By having a very clear departmental separation defined by a transparent ethics policy. Our business team has absolutely lost sponsors because of stories editorial has written. But when we execute flawlessly, our editorial department can challenge one of our clients with a hard story That work is celebrated by the community for being authentic, and likewise understood by the client for being fair and well-reported. We do our best to bring on clients that understand that our editorial team is independent.
While events are your main source of revenue, how big of a percentage of total revenue is advertising?
In 2014, before we really approached advertising, ads were 2% of our revenue; today, they’re 12%. We think they could be 20% next year. Events were working early-on as a revenue driver, and that gave us a chance to bide our time with advertising. We sat and watched the digital ad market mature, and now we’re excited about the opportunities there. Ads can be beautiful and unobtrusive. We know our audience and what to serve them, and we know display ads are not the only answer to growth. That’s why created a smart approach to native advertising that doesn’t suck.
How did you finance your expansion to Brooklyn, Washington, D.C., Baltimore and Delaware?
We have no outside investment. We bootstrapped into new markets by reinvesting our profit or finding early launch sponsors in those markets.
Could you go nationwide?
We’ve built a working local/regional model across five markets that are in proximity to one another in the Mid-Atlantic. There’s really exciting connectivity and value we’ve created by connecting those places that we’re really interested in. We think this model could work in other regions around the country, but the real challenge is figuring out how to expand at that scale. We’re always exploring.
You’re in the $501,000-$1 million revenue range on “Michele’s List.” Is that just for Philly or does it include all your cities?
That’s our total revenue across all five cities.
Are you profitable?
We’ve had modest 3 to 5% margin because so much of it has been reinvested in growth. We want a stable margin that can protect from market inconsistencies or quarterly failures. We experiment a lot, so its important for us to still be mindful of creating stability by protecting that margin. We think 10% is a great goal.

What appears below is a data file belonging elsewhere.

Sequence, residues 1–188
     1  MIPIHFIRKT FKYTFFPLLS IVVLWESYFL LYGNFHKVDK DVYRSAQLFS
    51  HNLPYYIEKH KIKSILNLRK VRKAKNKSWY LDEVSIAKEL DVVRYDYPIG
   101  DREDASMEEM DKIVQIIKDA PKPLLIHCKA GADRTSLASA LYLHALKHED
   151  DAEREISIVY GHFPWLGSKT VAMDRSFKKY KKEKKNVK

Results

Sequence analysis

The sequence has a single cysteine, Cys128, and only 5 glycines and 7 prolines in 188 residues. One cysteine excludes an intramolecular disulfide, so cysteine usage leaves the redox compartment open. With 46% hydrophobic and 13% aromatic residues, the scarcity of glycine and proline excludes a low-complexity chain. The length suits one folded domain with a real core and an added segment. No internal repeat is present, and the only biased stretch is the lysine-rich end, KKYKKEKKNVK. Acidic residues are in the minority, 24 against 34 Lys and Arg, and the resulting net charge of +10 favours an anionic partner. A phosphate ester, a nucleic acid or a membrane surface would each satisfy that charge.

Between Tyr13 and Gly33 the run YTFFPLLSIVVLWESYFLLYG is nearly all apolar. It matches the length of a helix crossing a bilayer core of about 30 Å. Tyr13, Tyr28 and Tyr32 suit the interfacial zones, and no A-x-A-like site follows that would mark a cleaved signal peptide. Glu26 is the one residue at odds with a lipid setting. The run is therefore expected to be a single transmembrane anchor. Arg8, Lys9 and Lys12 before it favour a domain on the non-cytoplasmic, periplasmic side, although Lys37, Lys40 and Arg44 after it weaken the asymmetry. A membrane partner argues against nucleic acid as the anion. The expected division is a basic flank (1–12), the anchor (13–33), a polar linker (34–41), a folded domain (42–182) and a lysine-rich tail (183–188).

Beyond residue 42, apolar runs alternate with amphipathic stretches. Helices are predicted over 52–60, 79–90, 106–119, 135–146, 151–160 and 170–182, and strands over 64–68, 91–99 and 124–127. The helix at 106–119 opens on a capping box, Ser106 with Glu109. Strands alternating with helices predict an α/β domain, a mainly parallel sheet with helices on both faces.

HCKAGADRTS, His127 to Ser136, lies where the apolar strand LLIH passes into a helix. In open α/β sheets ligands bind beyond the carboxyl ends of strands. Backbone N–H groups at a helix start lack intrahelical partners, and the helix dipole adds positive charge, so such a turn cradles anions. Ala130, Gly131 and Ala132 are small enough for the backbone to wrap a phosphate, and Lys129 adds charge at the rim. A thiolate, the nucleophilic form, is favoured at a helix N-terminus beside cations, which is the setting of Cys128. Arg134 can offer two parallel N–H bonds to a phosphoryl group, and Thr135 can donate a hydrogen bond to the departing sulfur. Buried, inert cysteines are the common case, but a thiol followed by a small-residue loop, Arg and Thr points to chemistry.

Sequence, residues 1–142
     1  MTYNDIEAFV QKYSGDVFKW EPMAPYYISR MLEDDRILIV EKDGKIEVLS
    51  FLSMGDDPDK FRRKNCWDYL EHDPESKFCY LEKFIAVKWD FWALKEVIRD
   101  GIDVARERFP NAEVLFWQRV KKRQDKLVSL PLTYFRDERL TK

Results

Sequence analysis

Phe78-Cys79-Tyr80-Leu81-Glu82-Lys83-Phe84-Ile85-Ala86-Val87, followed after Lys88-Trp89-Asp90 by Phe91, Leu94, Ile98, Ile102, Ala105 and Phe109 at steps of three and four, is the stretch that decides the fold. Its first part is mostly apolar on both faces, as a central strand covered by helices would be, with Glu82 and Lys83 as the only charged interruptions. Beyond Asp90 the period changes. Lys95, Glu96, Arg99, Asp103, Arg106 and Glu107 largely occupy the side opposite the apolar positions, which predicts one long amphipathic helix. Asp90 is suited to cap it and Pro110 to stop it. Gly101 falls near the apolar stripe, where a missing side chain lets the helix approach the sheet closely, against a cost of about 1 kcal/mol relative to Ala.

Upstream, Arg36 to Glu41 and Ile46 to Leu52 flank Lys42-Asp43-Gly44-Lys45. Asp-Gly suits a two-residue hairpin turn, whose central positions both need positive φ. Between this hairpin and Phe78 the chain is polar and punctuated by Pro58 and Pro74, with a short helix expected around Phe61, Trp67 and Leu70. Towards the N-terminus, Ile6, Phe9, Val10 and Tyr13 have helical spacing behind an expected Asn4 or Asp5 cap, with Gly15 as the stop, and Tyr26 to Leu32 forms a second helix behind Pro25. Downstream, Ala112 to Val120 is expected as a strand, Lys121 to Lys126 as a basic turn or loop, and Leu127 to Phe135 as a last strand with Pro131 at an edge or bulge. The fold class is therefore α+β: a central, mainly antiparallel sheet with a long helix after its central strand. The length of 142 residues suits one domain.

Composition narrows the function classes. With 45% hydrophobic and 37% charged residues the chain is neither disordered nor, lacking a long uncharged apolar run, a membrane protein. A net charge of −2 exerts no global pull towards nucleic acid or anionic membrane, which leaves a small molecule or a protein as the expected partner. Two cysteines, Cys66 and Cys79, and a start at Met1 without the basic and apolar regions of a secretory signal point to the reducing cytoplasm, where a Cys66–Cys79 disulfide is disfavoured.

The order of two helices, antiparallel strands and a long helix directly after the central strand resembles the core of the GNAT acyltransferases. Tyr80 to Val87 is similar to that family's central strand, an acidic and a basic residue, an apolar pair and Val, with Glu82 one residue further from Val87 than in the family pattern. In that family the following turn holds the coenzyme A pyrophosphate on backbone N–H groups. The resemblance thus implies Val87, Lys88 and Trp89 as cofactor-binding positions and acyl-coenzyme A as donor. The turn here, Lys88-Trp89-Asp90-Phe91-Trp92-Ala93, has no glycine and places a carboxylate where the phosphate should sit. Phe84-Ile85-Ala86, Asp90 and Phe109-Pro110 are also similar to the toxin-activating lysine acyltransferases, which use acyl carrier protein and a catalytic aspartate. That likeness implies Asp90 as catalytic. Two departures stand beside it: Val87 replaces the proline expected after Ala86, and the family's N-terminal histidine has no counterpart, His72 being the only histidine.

You have 150,000 unique visitors monthly. Is that good enough to attract the advertisers you want to reach?
We’ve never tried to compete on pageviews or visitors. From day one, we know that wasn’t going to be how we won. We differentiate with the quality and engagement of our readership.
You say you want to increase your audience, but you stress you’re a niche site. How do you balance what seem like opposites?
That’s our most important audience development hurdle: protecting quality but reaching new people. I don’t think we have an answer yet, but geography certainly limits our need to multiply audience. We need to be relevant to the defined population of our cities. How we do that can be varied.
You have a full-time staff of 11. What’s your model for balancing revenue and staffing to meet your needs and mission?
We are adding staff as quickly as possible to make it a comfortable and exciting environment for our team. Creating company culture has been a priority for us, as opposed to scale of operations alone. We’ve tried our best to create a great place to work. We base a lot of our budgeting and growth plans around the people we think we need next year. That helps push us to figure out how to grow revenues in line with those hiring expectations. That bigger, better team makes it easier to achieve our goals, too. It’s a really exciting time for us.
Tom Grubisich (@TomGrubisich) writes “The New News” column for Street Fight. He is editorial director of hyperlocal news network Local America, and is also working on a book about the history, present and future of Charleston, S.C.